[bey-kuh-ree, beyk-ree]

noun, plural bak·er·ies.

Also called bake·shop [beyk-shop] /ˈbeɪkˌʃɒp/. a baker's shop.
a place where baked goods are made.

Origin of bakery

1535–45; baker + -y3; now taken as bake + -ery Unabridged Based on the Random House Unabridged Dictionary, © Random House, Inc. 2019

Related Words for bakery


Examples from the Web for bakery

Contemporary Examples of bakery

Historical Examples of bakery

  • He went into the bakery, his hat a-tilt, with the air of a conqueror.

  • Some were picking up crumbs of bread which had been swept out from the bakery.

    Winning His Way

    Charles Carleton Coffin

  • Two waifs adrift in a storm, peering into a bakery window at the cookies.

    Erik Dorn

    Ben Hecht

  • The bakery was one of the few buildings that had been miraculously spared.

    A Little Girl in Old Detroit

    Amanda Minnie Douglas

  • It's almost as satisfyin' as walkin by the back door of a bakery when you're hungry.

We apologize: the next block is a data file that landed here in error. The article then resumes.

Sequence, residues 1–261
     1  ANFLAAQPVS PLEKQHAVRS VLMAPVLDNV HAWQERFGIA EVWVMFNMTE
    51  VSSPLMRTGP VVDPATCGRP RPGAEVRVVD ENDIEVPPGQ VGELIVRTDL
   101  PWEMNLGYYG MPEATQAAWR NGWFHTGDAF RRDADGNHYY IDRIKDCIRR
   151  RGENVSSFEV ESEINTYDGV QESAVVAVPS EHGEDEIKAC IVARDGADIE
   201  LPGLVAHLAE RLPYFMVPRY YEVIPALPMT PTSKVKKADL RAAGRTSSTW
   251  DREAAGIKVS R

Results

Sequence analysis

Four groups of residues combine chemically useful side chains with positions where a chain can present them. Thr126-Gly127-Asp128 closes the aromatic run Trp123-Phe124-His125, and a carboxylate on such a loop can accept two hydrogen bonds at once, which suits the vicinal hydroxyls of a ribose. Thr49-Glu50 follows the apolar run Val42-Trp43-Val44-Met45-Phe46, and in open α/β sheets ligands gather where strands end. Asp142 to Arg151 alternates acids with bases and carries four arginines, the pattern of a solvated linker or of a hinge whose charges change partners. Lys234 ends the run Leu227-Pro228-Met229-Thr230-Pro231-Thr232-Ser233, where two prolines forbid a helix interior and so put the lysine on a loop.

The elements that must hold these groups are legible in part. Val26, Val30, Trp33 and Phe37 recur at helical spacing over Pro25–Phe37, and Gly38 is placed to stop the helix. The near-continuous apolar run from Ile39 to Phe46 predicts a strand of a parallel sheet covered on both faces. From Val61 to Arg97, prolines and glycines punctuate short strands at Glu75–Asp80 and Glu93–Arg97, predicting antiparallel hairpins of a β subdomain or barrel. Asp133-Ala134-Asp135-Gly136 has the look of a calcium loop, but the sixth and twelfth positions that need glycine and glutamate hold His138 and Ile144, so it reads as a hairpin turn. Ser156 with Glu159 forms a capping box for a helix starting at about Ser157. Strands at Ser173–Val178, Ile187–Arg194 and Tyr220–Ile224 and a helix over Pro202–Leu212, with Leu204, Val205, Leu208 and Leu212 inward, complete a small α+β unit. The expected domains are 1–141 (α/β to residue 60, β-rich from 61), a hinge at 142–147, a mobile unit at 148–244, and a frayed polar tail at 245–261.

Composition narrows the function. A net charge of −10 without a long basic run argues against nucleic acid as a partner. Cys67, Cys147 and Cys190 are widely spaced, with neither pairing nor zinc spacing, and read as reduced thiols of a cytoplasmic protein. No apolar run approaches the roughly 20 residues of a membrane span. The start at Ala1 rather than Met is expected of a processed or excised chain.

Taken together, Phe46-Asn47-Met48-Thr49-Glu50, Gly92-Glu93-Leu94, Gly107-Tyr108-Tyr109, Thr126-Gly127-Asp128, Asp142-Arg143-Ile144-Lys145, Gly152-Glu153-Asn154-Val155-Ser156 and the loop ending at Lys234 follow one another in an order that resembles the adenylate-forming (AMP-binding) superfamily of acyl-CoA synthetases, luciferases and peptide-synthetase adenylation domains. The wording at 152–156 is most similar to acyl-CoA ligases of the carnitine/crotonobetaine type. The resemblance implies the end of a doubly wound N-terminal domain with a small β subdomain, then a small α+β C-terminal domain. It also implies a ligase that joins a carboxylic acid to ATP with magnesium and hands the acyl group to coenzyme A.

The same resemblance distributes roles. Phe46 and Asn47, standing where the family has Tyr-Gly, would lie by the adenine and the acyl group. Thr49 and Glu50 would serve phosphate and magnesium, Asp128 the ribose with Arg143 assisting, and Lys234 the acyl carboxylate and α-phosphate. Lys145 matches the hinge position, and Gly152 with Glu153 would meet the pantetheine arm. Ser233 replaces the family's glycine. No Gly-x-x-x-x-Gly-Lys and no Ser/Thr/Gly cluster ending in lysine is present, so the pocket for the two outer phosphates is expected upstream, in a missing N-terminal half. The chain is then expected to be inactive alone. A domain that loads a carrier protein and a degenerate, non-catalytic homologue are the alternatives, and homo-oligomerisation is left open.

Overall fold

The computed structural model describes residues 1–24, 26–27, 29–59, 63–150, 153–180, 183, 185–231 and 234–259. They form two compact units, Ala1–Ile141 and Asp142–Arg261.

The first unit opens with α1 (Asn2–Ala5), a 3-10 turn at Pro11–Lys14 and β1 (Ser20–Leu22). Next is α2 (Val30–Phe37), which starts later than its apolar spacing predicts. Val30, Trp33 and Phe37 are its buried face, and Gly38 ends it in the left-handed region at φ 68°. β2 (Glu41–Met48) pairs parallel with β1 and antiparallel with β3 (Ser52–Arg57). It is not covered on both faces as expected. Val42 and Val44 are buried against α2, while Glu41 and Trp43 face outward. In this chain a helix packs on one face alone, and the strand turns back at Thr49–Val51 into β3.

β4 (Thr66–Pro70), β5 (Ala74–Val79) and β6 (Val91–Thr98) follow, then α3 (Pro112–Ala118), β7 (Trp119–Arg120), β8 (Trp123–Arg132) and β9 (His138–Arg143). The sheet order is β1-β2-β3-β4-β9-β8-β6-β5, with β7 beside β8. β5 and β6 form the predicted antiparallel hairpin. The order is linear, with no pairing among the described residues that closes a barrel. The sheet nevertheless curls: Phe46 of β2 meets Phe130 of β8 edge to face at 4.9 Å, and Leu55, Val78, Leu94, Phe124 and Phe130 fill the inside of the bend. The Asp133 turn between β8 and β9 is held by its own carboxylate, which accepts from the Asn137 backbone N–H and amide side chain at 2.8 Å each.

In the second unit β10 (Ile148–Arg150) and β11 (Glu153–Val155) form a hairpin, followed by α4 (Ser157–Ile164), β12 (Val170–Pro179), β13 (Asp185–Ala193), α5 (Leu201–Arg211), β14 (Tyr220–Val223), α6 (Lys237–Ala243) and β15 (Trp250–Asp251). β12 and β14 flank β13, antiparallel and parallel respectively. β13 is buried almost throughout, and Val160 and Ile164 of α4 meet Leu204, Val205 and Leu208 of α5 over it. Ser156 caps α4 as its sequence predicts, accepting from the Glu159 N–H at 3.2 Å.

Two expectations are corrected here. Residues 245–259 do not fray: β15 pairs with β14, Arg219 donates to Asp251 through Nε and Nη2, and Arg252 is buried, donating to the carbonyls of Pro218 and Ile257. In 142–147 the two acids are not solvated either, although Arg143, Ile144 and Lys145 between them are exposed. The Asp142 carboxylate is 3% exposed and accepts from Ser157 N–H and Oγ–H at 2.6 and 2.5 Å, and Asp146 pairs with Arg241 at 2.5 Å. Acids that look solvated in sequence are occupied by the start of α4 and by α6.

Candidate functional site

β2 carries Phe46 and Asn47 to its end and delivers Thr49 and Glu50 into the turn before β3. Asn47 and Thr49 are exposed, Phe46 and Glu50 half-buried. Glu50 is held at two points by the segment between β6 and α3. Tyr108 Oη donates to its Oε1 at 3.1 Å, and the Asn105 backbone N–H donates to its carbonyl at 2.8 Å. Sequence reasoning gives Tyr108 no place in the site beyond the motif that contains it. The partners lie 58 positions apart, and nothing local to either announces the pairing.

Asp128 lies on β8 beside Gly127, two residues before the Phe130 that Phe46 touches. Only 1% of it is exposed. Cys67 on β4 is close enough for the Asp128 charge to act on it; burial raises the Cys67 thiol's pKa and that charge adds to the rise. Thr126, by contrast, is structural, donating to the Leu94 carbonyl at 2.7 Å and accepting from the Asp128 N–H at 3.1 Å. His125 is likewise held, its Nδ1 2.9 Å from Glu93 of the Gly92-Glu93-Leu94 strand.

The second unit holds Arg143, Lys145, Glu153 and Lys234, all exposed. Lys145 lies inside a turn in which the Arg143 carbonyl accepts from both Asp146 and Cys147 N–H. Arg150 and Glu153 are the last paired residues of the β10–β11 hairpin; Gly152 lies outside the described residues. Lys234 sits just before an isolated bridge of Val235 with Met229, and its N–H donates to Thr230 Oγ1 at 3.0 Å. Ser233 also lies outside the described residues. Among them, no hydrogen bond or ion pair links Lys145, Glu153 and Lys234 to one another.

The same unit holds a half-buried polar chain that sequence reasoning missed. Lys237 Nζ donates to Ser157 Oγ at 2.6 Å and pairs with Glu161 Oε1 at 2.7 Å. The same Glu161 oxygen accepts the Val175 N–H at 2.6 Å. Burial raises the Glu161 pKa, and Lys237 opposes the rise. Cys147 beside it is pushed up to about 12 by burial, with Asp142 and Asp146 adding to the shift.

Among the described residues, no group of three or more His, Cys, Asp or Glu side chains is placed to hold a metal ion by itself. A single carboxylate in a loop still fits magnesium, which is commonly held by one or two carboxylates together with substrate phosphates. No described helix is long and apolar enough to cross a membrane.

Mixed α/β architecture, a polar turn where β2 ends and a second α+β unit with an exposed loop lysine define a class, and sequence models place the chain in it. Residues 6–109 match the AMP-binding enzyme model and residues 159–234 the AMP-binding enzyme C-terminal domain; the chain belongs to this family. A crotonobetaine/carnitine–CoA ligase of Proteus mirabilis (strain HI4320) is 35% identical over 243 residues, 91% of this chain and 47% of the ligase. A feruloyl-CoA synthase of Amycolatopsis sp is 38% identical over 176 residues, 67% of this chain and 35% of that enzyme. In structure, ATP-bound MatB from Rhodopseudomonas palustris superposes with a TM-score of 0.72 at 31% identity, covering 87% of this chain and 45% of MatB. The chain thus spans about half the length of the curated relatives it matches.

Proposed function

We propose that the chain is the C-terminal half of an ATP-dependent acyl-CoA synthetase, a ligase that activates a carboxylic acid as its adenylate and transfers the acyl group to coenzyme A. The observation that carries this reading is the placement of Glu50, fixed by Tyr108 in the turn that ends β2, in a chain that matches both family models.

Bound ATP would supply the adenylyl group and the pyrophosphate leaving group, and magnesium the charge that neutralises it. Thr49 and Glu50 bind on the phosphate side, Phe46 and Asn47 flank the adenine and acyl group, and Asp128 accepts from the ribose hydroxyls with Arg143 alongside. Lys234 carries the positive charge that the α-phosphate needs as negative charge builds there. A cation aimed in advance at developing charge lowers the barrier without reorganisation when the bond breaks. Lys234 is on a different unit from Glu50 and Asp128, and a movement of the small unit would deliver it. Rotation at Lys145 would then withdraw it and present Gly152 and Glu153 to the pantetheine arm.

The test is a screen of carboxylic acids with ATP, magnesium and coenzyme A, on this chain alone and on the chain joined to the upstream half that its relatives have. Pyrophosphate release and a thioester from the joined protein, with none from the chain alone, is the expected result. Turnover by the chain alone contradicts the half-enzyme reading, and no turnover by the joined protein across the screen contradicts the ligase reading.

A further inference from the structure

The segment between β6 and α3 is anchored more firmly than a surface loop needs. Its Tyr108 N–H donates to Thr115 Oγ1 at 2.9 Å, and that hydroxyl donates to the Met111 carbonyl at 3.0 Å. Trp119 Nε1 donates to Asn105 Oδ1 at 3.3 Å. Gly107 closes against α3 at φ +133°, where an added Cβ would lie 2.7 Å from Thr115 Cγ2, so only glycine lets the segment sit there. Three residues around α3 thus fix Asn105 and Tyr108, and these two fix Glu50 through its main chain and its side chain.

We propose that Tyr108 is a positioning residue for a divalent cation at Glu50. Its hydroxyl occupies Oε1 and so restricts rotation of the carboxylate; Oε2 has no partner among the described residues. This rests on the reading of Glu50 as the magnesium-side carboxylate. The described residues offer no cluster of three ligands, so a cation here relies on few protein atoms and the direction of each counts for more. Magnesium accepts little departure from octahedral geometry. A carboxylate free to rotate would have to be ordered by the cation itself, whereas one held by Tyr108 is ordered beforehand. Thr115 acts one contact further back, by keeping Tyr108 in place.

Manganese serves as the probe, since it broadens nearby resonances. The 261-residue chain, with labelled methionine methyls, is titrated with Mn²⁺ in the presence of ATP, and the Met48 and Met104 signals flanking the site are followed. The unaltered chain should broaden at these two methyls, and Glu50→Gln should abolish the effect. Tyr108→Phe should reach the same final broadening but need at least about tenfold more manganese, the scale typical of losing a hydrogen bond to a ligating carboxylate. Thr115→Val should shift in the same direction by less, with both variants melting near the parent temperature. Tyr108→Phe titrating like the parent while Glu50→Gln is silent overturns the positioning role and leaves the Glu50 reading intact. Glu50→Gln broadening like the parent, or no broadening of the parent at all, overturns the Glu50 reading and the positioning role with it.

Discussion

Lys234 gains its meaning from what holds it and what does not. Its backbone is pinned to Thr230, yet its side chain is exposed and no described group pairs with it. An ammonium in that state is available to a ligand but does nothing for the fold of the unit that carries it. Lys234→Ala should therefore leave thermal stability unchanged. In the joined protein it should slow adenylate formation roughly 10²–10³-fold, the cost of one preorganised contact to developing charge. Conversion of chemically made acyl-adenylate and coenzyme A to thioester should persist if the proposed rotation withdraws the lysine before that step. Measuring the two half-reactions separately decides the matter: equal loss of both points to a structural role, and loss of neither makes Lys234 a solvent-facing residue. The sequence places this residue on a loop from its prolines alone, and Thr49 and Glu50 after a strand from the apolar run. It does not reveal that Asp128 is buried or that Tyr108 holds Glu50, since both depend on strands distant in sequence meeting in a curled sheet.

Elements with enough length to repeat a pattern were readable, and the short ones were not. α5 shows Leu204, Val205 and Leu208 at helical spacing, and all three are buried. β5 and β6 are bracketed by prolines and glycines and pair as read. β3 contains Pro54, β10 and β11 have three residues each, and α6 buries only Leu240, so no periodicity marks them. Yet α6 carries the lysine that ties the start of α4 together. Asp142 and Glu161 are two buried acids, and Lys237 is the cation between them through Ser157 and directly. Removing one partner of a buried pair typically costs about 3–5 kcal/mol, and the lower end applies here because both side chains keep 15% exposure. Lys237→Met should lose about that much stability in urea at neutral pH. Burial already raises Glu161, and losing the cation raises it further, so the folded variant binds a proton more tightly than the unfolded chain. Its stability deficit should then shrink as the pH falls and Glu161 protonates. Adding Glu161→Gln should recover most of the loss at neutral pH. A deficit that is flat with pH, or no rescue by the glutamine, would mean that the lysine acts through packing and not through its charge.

Sewell Ford

British Dictionary definitions for bakery


noun plural -eries

Also called: bakehouse a room or building equipped for baking
a shop in which bread, cakes, etc, are sold
Collins English Dictionary - Complete & Unabridged 2012 Digital Edition © William Collins Sons & Co. Ltd. 1979, 1986 © HarperCollins Publishers 1998, 2000, 2003, 2005, 2006, 2007, 2009, 2012

Word Origin and History for bakery

c.1820, "place for making bread;" see bake (v.) + -ery. Replaced earlier bakehouse (c.1400). As "shop where baked goods are sold" it was noted as an Americanism by British travelers from c.1830.

Online Etymology Dictionary, © 2010 Douglas Harper